Bus stop sign in the UK

Bus services improved and protected through funding

The Department for Transport has announced that it is making funding available for the improvement and protection of bus services around the country.

Local authorities will be able to utilise £80 million worth of investment to ensure that lower fares and improved reliability can be made a reality for communities around the country. This can be done in a number of ways, including new services, timetable extensions and cheaper tickets, depending on what is required in certain areas. Hundreds of bus services that are under threat from low passenger numbers can also be protected, ensuring that the people who rely on them can continue to go about their daily business.

Government bus funding-1

Richard Holden, Road Minister, said:

“Buses are the most popular form of public transport and millions of people across the country from the Tees Valley to Torbay rely on their local service to get to work, attend medical appointments and see loved ones.

“We are providing a further £80 million to help local authorities improve and protect essential services, delivering for local communities across the country by enhancing transport connections, supporting passengers and growing the economy.”

This funding injection follows the £1 billion that was announced from the Bus Service Improvement Plan (BSIP) in 2022, as well as a further £140 million that was announced in May this year. The bus fare cap has also been extended, at a cost of £200 million, with single bus tickets outside of London being capped at £2 until the end of October 2023. This cap has helped to cut travel costs for many who rely on buses to travel.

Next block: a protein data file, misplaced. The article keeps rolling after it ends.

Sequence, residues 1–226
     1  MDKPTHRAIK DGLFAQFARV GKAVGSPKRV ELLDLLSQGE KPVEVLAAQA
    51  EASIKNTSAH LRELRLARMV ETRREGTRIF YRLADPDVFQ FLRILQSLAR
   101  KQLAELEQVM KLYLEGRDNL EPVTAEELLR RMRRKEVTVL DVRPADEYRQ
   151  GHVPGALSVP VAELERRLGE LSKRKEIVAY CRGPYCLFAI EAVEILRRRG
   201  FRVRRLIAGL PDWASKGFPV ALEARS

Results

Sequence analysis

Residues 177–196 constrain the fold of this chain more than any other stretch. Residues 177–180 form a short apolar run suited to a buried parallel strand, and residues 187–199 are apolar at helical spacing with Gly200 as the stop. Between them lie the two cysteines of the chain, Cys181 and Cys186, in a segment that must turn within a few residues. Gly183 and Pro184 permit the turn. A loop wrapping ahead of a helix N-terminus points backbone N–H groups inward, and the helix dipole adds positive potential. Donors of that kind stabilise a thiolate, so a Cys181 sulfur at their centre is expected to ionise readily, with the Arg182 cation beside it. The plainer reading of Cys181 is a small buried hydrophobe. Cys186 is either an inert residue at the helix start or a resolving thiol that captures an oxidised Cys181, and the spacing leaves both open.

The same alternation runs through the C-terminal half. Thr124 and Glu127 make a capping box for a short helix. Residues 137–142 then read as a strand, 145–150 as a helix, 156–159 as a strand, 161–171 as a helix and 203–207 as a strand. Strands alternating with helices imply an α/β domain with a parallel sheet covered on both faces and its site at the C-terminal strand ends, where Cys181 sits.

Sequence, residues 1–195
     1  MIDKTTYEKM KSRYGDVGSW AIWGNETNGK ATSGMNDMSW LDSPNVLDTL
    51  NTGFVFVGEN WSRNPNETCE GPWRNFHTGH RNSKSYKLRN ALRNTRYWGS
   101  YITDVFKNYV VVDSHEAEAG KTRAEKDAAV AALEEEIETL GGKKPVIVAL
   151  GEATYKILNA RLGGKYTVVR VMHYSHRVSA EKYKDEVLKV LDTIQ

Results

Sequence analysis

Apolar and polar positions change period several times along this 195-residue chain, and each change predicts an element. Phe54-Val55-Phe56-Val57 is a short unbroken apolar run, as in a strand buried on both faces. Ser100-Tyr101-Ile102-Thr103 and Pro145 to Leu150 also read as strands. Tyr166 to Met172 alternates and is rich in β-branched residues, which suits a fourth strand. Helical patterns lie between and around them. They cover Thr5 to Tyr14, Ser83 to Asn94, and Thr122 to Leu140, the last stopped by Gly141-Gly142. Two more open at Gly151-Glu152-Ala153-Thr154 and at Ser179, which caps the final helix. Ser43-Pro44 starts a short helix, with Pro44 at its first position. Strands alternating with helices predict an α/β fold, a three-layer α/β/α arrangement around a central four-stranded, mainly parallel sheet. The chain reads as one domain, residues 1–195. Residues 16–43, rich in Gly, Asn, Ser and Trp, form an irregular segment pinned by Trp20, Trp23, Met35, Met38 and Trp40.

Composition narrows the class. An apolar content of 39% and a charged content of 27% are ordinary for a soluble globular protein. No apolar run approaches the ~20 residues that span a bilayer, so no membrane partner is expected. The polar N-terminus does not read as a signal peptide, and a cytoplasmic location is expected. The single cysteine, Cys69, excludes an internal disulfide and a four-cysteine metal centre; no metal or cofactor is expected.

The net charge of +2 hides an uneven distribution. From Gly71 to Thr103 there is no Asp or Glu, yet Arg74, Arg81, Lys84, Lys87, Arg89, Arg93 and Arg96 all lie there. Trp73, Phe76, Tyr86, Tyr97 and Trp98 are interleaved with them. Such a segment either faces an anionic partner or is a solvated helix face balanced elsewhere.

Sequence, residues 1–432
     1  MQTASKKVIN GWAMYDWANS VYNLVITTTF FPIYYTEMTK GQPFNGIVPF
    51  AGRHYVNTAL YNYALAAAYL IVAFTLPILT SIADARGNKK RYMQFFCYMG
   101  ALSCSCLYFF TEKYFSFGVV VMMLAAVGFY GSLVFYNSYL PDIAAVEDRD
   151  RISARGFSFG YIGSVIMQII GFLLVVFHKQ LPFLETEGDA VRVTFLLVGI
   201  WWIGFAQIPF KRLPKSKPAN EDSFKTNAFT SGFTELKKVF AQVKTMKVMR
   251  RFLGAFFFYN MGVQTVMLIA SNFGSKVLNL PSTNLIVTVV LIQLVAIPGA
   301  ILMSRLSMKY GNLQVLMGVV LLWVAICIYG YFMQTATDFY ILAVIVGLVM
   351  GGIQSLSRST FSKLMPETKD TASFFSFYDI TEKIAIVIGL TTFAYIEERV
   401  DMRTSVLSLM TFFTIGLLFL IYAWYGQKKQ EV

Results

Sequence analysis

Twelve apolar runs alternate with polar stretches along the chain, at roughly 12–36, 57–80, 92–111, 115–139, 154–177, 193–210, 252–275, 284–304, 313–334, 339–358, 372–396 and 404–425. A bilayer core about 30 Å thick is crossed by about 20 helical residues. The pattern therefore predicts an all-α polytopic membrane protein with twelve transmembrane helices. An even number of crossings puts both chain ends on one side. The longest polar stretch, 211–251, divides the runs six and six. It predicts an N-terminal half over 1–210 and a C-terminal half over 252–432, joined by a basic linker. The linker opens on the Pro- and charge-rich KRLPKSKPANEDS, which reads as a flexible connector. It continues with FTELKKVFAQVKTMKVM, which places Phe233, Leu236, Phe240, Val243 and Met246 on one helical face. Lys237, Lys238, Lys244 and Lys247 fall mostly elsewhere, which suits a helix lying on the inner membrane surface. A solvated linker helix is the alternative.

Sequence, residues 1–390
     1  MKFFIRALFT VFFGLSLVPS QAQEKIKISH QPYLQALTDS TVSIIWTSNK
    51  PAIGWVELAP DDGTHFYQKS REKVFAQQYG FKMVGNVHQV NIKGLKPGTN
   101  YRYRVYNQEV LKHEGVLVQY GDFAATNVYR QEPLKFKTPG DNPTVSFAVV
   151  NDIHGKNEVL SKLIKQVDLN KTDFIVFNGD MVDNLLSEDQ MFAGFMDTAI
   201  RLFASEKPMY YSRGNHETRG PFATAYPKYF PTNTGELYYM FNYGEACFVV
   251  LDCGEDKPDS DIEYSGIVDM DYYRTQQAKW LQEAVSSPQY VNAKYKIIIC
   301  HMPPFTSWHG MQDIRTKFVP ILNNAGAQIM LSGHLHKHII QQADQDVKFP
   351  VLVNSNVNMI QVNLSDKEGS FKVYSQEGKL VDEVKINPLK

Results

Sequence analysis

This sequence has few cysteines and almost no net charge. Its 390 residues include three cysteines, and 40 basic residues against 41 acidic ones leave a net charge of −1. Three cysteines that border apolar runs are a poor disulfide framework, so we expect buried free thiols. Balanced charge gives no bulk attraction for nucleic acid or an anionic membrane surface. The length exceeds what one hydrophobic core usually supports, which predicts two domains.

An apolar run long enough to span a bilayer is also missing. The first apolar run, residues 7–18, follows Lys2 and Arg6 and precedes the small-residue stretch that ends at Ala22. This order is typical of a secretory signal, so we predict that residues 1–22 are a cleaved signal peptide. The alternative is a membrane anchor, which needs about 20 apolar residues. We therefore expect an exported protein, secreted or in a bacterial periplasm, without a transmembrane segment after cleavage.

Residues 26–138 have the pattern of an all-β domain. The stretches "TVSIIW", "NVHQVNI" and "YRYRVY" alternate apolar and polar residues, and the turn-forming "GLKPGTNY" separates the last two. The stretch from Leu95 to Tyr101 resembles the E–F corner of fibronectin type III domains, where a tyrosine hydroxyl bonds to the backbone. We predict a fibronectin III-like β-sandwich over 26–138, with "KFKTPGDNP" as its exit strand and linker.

Despite bus operators and local authorities holding the responsibility for the running of adequate bus routes, the government has been working with the sector to make sure that local areas are able to cope with the potential changes to travel patterns, without affecting the taxpayer too much.

Alongside this news, today also sees the publication of the £2 Bus Fare Cap Second Interim Evaluation Report, which looks into the impact of the cap in the first two months of this year. As outlined in the report, the scheme has helped to encourage people to use the bus more, with almost half of respondents saying that the cap is the reason that they are using the bus more. This is evidenced by the fact that more than 50 million single bus tickets were sold in England across the first two months of the year, with two-thirds of these being capped.

As the government continues to support the provision of reliable, affordable transport around the country, hundreds more zero emission buses are also being rolled out. This comes as the Department for Transport has recently confirmed that £129 million is being committed to the project, with the first £25 million of this being dedicated to rural communities.


Image credit: iStock

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